Rooting out the Truth

potbound rootsWhen an avid plant-person like myself is at a party, the conversation often turns to gardening. So at a recent gathering I was not surprised when a neighbor approached me. “I was watching some gardening shows on TV the other day,” she said, “and on one program they were saying that the roots of a plant need to be loosened when planting. They were pulling the roots apart, and cutting the root-balls. But on the next program they said that you should disturb the roots as little as possible. So… which is it?”

Although these programs seemed to give contradictory advice, both were correct. Ideally, the roots of a plant should remain undisturbed. Roots normally grow underground and untouched. And when moving plants from container to garden, we don’t want to shock them by damaging their root-systems.

Now, if a plant has been in the container only a short time, it’s usually possible to place it in the soil without root disturbance. But more often than not plants remain in pots or flats beyond the ideal period of time. Once the roots spread through the soil they hit the side of the container, and begin to circle around the circumference of the pot.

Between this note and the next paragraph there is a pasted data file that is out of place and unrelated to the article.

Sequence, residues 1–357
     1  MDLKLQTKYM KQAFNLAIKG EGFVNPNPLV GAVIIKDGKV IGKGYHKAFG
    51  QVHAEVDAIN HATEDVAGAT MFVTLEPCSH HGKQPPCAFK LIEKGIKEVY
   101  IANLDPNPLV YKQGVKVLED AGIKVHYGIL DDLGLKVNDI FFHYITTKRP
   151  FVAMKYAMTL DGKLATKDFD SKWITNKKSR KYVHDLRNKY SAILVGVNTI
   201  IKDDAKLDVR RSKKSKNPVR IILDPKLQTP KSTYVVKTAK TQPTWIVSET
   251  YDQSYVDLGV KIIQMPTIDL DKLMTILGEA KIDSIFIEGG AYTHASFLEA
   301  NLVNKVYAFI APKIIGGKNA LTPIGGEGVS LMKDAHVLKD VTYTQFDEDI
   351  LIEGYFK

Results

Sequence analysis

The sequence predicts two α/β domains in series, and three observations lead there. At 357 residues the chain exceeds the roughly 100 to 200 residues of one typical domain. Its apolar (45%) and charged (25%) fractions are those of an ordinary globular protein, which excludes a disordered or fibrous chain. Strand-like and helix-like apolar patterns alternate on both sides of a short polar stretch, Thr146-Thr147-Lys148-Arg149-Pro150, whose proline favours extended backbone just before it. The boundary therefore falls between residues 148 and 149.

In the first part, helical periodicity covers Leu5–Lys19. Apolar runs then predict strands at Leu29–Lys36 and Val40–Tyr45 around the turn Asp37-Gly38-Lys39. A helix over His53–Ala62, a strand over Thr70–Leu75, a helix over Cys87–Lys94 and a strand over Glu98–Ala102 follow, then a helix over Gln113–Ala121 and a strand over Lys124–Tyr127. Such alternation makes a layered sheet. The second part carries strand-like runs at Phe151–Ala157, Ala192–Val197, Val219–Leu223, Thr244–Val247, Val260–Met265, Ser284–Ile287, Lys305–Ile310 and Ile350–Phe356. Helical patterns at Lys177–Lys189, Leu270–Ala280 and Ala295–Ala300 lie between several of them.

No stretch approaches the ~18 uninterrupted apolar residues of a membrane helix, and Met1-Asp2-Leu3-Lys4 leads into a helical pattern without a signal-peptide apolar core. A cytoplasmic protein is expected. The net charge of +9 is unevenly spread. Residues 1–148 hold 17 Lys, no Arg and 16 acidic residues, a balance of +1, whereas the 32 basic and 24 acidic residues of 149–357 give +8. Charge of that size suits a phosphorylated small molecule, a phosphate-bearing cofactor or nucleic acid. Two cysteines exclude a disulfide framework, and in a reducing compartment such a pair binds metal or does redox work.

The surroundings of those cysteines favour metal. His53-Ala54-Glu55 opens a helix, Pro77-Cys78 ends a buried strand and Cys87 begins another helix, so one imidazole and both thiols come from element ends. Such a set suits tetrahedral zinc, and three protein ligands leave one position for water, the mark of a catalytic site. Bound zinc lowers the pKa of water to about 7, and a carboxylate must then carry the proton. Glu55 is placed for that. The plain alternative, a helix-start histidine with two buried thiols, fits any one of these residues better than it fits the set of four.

Because root systems grow quickly, many plants come out of their container root bound; the roots have encircled the pot several times. You often see a network of white roots that stay in the shape of the container they were in. This is a problem because a tight ball of roots dries out rapidly, and doesn’t get quickly established in the soil.

So the gardener has to take action. If possible, the roots should be gently pulled apart and spread away from the root-ball. But if the roots are tightly bound together this may be difficult. In these cases, you have to tear the roots apart or cut an “x” across the bottom with a knife.

From contradictory advice the truth is rooted out; plant undisturbed if you can, but help congested roots to spread out a little.

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